hard by cutting off one of its main supply lines. The Russians faced an
unprecedented barrage of criticism from Armenian politicians and media at the
"The Russian factor is now one of the key challenges that threaten the
sovereignty, security and democratization of our country," Sureniants
charged. He claimed that a key element in the Kremlin's strategy of maintaining
Russian foothold in the South Caucasus and elsewhere in the former Soviet Union
is to prop up illegitimate regimes and thwart the resolution of ethnic disputes.
The changing popular mood means that such views are not considered extreme and
marginal in Armenia any more.
The Turkish issue
The Armenians cannot help wondering why Turkey won't show mercy and open its
borders, ending the blockade that has been in place for more than a decade, as
has one by Azerbaijan. Together they are holding back the Armenian economy
mightily. Nor can they understand why Turkey won't accept and take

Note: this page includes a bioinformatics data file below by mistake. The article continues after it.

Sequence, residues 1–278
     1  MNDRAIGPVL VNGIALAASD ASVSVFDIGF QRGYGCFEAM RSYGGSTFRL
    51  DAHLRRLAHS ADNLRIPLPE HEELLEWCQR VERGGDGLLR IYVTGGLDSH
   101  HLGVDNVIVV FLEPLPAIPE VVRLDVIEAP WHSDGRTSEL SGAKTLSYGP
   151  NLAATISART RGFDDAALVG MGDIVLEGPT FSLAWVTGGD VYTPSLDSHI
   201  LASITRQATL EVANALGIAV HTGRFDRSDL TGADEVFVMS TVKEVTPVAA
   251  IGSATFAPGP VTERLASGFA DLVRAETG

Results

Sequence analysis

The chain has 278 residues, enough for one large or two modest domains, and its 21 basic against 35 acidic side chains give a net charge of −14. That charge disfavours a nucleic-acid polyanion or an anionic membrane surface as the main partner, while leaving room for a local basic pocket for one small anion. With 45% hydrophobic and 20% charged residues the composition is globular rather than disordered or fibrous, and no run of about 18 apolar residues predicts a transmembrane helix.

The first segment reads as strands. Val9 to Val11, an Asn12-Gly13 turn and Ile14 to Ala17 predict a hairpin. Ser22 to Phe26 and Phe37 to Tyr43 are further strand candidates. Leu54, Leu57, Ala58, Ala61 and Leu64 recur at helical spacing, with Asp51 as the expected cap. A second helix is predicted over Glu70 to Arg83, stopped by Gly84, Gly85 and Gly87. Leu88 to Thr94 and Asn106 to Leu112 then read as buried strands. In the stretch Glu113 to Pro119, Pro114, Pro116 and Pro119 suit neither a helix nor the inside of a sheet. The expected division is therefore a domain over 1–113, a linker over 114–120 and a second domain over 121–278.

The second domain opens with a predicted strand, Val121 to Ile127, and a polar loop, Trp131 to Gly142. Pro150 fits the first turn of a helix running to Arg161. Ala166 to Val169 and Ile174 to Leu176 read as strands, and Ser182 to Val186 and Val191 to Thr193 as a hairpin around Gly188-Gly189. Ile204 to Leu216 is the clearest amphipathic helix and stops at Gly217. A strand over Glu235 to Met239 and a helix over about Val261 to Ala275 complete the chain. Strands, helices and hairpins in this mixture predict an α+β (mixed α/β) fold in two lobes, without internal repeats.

responsibility for the 1915 genocide.
Armenia believes it will join NATO to integrate with the US and to consolidate
its security. The irony is that what America means for an Iraqi today is the
same as what Turkey meant for an Armenian. Members of Tashnak Party, which
demands the return of Armenia's historical territory and maintain the
allegations of genocide as if it happened yesterday, are convinced that Turks
make pilgrimages to Talat Pasha's grave, the Turk they hold responsible.
Actually, Turks don't even know where his grave is, and put this
misunderstanding down to the lack of knowledge about the other between Armenia
and Turkey. They went on to say that if Turkey recognized the genocide, it would
be a sign that political problems no longer needed to be solved through the use
The Chief Patriarch of the Armenian Diaspora, Karekin II, favours the
development of relations between Armenia and Turkey. The Patriarch owns the
locked case holding the golden letters of the Armenian alphabet, which hold
religious significance and a special place in the Armenian identity. 2005 will
be celebrated as the 1600th year of the Armenian alphabet and an exhibition